What makes golf such an angry sport? If you’ve ever played, even for a week, you can probably make an educated guess. Every amateur understands the psychological pitfalls of golf—it will drive you to madness 10 times, at a minimum, for each time it delivers a brief moment of satisfaction. It’s a game for addicts, and it inspires varying levels of misery among the masochists who play.
The difference between you and the professional is that you can walk away—your life will be judged by other metrics. For a professional golfer, the only escape is failure. What preserves them, aside from the natural gifts that are never enough on their own, is perfectionism. It’s the quality that delivered them to the lofty heights in the first place, the thing that drives them to sharpen their skills in the face of intense competition. It’s also, paradoxically, the thing they have to fight in order to retain even a shred of sanity.
That was my theory, at least. To see if an actual expert agreed, I reached out to Dr. Greg Dale, the Director of the Sport Psychology and Leadership program at Duke University. Dale has worked with athletes of almost every kind in the last 20 years, from juniors to D-I college talents to pros. In his time spent with competitive golfers, both at the collegiate and professional levels, he identified the same general trait shared by many who excel at the sport.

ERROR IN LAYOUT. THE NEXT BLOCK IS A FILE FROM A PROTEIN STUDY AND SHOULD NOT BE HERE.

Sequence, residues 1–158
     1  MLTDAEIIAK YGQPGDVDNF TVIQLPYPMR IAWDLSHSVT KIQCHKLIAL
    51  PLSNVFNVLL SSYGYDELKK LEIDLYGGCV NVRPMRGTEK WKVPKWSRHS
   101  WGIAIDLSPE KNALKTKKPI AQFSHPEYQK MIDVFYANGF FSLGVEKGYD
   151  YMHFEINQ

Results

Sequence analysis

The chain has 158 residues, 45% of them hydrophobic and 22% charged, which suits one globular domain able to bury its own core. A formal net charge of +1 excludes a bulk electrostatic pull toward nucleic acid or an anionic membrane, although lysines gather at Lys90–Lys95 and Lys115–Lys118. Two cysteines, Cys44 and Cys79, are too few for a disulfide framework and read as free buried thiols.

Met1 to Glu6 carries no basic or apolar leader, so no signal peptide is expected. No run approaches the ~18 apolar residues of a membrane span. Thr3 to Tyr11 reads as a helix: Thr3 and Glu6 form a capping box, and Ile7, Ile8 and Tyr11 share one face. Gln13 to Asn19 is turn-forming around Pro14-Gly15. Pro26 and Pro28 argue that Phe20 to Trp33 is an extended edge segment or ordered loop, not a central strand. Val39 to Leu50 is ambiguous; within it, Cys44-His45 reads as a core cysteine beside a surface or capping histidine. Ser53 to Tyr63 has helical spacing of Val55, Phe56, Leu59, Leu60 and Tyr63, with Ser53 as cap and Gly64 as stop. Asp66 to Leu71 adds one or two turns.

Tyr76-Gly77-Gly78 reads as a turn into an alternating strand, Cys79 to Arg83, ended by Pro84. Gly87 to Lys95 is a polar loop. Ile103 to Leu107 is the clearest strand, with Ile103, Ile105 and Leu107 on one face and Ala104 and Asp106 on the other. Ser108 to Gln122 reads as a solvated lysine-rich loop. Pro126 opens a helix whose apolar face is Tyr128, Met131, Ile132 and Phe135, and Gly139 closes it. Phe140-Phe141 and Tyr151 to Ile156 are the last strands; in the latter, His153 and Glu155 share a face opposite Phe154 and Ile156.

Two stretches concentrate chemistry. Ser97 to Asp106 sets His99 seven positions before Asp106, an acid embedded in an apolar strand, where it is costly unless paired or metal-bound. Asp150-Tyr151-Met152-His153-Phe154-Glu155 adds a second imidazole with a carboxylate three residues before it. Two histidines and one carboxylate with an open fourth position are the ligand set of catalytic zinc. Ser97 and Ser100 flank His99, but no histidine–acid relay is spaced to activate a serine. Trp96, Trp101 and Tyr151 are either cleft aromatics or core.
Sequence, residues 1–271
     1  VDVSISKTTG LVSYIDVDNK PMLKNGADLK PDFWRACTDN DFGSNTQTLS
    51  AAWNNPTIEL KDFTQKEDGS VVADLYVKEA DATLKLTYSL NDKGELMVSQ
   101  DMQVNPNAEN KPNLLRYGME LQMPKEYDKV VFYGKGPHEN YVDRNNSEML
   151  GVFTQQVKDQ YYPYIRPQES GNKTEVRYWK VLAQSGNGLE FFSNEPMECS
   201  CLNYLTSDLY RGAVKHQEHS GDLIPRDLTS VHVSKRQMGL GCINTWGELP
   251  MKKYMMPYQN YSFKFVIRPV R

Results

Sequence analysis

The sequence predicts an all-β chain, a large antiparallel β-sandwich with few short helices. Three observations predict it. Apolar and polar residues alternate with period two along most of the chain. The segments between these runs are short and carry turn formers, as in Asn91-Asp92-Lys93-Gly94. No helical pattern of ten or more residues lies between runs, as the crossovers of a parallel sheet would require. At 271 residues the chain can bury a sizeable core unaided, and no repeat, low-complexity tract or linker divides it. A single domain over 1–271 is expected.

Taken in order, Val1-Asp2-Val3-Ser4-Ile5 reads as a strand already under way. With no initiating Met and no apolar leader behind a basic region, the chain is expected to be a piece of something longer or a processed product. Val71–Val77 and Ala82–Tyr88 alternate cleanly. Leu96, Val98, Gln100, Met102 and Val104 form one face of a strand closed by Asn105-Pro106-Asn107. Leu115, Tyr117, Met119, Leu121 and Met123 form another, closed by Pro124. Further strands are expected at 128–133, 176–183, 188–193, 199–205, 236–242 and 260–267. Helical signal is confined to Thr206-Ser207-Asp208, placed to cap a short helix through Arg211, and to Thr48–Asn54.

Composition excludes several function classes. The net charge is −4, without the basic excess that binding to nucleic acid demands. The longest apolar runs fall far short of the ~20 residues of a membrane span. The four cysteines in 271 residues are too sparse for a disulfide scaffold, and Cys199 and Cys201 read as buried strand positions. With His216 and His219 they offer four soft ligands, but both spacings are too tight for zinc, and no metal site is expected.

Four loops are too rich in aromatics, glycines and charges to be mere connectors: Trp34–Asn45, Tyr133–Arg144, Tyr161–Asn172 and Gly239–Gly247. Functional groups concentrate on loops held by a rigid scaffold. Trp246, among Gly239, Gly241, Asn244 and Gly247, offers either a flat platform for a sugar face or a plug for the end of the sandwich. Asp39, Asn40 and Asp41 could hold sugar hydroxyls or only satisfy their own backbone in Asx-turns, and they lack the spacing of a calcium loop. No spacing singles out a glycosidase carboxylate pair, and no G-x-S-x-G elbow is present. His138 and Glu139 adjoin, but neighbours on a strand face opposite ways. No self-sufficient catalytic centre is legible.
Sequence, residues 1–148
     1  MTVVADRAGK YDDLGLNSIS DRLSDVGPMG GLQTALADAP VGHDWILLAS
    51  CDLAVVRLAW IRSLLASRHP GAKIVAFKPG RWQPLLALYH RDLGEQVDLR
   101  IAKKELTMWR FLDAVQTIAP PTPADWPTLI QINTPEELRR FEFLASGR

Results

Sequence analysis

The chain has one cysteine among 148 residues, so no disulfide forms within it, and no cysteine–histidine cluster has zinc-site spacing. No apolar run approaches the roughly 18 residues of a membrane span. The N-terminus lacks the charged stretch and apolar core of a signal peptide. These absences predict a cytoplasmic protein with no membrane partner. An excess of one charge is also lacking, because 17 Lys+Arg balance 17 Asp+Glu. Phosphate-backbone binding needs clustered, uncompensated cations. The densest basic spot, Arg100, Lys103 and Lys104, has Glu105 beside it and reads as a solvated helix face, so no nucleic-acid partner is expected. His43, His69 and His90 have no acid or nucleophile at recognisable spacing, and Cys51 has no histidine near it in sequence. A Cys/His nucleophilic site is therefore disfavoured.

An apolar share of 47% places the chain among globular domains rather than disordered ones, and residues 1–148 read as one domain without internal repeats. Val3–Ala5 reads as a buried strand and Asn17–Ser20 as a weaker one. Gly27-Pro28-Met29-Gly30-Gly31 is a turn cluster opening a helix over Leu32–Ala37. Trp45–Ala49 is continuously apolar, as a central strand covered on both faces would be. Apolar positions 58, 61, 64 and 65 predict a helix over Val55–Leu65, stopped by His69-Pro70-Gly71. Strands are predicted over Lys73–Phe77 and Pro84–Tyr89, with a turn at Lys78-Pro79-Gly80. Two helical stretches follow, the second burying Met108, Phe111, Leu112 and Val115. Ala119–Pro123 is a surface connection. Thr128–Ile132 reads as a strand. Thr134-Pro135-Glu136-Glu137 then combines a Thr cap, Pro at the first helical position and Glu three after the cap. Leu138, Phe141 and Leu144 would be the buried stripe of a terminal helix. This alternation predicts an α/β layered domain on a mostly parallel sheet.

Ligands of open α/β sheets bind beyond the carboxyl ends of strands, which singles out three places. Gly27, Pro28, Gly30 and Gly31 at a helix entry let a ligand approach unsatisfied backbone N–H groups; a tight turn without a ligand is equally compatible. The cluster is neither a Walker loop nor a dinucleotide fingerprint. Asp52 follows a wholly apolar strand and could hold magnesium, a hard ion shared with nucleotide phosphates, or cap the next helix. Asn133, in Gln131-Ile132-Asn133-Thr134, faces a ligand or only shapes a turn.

“Golfers tend to be more perfectionistic in their tendencies,” he told me, “and that can be a great quality. But you also have to be able to recognize when that quality is kicking you in the butt.”
Perfectionism, like fear of failure, can be a positive force in a player’s life. But taken to extremes, it can lead to obsessive and unproductive habits—many is the golfer who has learned the hard lesson that you can spend too much time on the range—and it can also lead to anger when the best laid plans go awry. Dale said that in most sports, players shouldn't dwell on a mistake for longer than three to five seconds. That time can be slightly longer in golf, but not much—it's important to move on as quickly possible.